God is our refuge and strength,
an ever-present help in trouble.
Therefore we will not fear, though the earth give way
Katy had a bright pink torch that she loved with all her heart. It was a birthday present from her granny and still looked as new as the day she got it. That was surprising because she used it all the time. Sometimes she wiggled under her bed and pretended she was in a cave full of aliens. Other times she flashed signals to her friend Melissa who lived next door. When they had the big earthquake, Dad couldn’t find his torch and used hers to check the house and garden.
“Katy!” Dad called. “Come and see this!”
She scrambled upstairs, wondering what Daddy wanted to show her.
“Look out the window, Katy.”
It was dark outside and thick clouds hid the stars from view. Katy snuggled on the seat next to Dad and as she watched, bright beams of light bounced across the sky. “Wow! That’s so cool! Where’s the light coming from?”
“It’s from the centre of town where all the damaged buildings are. There’s no power in the city so the council have set up these lights to shine hope into the darkness.”
Katy was silent for a moment. “They must have giant torches to shine that brightly.”
“I’m sure they do.” Dad smiled as he tugged one of Katy’s pigtails. “Can you think of another light of hope, Katy?”
Katy put her head on one side. It was a few days before Christmas and she guessed what Dad was thinking about. “The star over the stable in Bethlehem,” she said.
“That’s right, sweetheart”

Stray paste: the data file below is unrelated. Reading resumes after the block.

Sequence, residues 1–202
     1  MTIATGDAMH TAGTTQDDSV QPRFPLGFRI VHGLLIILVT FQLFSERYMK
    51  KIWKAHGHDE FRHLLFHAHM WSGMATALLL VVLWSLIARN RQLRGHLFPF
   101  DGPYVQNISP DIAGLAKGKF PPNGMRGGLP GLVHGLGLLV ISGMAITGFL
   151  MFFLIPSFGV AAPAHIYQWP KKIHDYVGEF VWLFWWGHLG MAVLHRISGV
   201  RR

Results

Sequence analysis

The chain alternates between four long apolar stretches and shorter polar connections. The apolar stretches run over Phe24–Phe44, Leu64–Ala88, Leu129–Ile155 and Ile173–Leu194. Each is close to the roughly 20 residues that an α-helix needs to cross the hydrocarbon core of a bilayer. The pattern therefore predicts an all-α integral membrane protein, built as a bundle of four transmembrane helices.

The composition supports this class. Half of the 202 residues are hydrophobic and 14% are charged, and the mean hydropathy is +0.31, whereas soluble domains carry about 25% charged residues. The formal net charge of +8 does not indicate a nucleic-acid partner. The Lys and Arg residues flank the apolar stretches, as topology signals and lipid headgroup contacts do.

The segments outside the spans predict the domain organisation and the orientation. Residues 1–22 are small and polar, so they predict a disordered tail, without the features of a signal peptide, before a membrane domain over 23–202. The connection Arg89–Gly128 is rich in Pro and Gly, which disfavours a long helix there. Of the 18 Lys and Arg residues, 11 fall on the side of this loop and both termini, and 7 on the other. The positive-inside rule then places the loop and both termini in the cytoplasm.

“Why was the star a light of hope, Daddy?”
“It led the wise men to baby Jesus – and he came to die in our place and save us from our sins.”
The next day Katy went down to the church with Dad. “What are you doing here?” she asked.
“We’re packing food parcels for people who don’t have as much as us.”
Katy listened to the adults chatter as she played with her torch. She’d piled up some packing boxes to make a tunnel and pretended she was a spy on a secret mission. “Keep still,” she whispered to her pretend friend. “We need to hear what’s happening out there.” She flashed a few signals with her torch while peeping through a crack in the boxes.
“That’s the last one,” Dad said as he placed a gaily wrapped parcel on top of a frozen turkey, Christmas pudding and packets of food.
“This one doesn’t have a gift,” called a lady.
“Who’s it for?” Dad asked.
“Old Mrs Wilson.”
Katy knew who Mrs Wilson was. She was bent like a comma and walked with a silver stick. No one liked her grumpy ways and she often shooed children out of her path.